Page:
Your phone buzzes. You check your Facebook messages to see that you’ve been hit up by someone you went to college with. He’s saying hi and he hopes all is well. That seems nice and innocent so you mutually respond then go back to whatever you were doing. Later on, he sees how your day went. After a few Facebook exchanges, you two decide to swap numbers and keep the convo going via text. Everything is going well, until you find out that he’s living with the mother of his child.
Four months later, you get a notification that someone your friend from high school knows liked several of your Instagram photos. You two begin to follow each other and he makes it a habit to double tap and comment on all of your pics. Being the nice person you are (and the fact that he’s low-key fine), you do the same. Then one day, you decide to click-through to the Instagram account of a girl that also frequently comments on his page. That’s when you notice pictures of the two of them from 5 weeks ago and several subliminal Tweetgrams. Is she talking about me, you wonder. She is, girl. She is.
Why does this keep happening to you? Why do all of these relationally occupied men keep finding their way to your social media accounts?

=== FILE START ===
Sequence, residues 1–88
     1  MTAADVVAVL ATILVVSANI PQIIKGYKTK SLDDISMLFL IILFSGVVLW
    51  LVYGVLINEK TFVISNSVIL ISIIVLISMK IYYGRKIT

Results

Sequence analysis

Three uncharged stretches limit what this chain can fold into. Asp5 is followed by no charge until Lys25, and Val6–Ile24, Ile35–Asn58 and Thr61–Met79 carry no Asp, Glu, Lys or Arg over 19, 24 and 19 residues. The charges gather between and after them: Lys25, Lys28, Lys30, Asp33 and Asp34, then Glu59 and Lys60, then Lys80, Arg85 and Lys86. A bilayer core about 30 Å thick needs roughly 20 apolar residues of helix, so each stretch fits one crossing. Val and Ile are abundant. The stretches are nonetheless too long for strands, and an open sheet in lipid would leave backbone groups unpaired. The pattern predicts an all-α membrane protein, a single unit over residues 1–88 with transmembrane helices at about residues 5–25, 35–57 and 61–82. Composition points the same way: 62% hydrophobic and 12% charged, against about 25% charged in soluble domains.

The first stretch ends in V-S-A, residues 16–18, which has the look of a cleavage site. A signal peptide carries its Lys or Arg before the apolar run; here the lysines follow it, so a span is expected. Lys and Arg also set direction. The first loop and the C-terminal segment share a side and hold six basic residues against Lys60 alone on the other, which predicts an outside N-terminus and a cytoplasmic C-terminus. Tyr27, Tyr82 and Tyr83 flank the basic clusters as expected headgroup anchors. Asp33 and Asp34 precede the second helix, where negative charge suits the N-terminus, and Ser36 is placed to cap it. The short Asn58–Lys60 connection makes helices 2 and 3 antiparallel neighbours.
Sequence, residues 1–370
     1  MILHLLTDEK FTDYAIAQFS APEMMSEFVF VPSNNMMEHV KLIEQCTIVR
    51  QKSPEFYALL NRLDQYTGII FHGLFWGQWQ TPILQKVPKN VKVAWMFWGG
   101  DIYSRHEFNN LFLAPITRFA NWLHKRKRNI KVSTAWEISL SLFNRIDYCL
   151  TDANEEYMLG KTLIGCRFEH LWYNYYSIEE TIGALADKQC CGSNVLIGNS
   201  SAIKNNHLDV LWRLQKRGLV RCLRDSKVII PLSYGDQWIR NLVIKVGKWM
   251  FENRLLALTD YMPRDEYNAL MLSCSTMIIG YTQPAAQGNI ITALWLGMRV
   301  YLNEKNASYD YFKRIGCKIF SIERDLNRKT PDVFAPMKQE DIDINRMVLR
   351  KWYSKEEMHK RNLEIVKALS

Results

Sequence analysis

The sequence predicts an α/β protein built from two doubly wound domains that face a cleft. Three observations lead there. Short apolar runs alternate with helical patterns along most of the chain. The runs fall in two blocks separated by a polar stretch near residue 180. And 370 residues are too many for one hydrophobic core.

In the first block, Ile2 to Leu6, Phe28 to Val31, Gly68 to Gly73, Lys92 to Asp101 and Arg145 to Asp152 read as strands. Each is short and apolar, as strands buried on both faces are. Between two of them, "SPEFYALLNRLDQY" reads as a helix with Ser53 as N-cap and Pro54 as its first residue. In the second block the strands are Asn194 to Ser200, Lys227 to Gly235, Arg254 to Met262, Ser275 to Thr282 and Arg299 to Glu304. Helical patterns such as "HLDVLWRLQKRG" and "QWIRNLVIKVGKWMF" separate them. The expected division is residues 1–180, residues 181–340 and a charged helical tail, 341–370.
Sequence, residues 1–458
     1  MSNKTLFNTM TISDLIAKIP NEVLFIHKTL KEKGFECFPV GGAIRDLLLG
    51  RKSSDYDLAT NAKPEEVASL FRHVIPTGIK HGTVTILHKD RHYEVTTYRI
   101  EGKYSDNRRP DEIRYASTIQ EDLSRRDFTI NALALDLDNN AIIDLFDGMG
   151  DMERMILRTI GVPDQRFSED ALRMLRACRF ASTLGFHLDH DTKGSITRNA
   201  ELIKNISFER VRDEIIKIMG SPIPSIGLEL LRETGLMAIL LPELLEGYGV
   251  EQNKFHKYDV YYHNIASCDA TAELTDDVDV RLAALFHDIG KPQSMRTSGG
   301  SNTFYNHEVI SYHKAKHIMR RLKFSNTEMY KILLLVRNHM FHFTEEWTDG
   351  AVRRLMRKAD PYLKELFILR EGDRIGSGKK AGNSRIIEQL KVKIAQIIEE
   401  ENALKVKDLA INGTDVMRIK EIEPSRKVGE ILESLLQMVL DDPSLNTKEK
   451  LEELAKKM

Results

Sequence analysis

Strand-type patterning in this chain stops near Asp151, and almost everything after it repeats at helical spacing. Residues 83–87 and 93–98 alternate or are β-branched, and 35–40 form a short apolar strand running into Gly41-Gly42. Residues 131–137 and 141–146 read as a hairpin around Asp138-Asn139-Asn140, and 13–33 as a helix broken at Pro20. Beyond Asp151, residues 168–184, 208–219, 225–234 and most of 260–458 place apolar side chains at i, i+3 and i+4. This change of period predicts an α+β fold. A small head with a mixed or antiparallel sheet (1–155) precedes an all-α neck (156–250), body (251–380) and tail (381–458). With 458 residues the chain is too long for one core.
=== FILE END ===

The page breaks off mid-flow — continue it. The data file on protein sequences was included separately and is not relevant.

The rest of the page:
Well, sis. It’s because it’s you.
Your Facebook, Twitter, Instagram, and/or Snapchat accounts are attracting the wrong guy.
Yes, the issue lies within your accounts. It’s what you push out into the world for people to consume and take in about you. Your “woe is me” statuses and tweets and late night snaps are crumbs for these social media roaches to eat up. Seriously. Think about it. Within the past month, have you posted any of the following:
- Anything to elude to your relationship status or lack thereof
- Something about all the recent hardships you’ve been through and how it only makes you stronger
- A form fitting outfit and/or a glimpse of cleavage
- Any deep reflection between the hours of 11 pm and 4 am
- Something about how your future is going to be better than your past
If you can answer yes at least two of these, there is no wonder why these scum types keep making their way into your inbox. You’re too vulnerable and open with your social media friends. Point blank, you’re telling us too much.
Naturally, the fix is to keep these thoughts off Facebook, etc. If you’re having an “in my feelings” moment, send it to your friends via Groupme. If you feel enlightened, write it down in a physical journal. Feel free to document these emotions, just keep it off your social networks.
So next time a random blast from the past pops out the blue, you can take that for what it is—a baseless attempt to see what’s good. But at least this time, you’ll know why.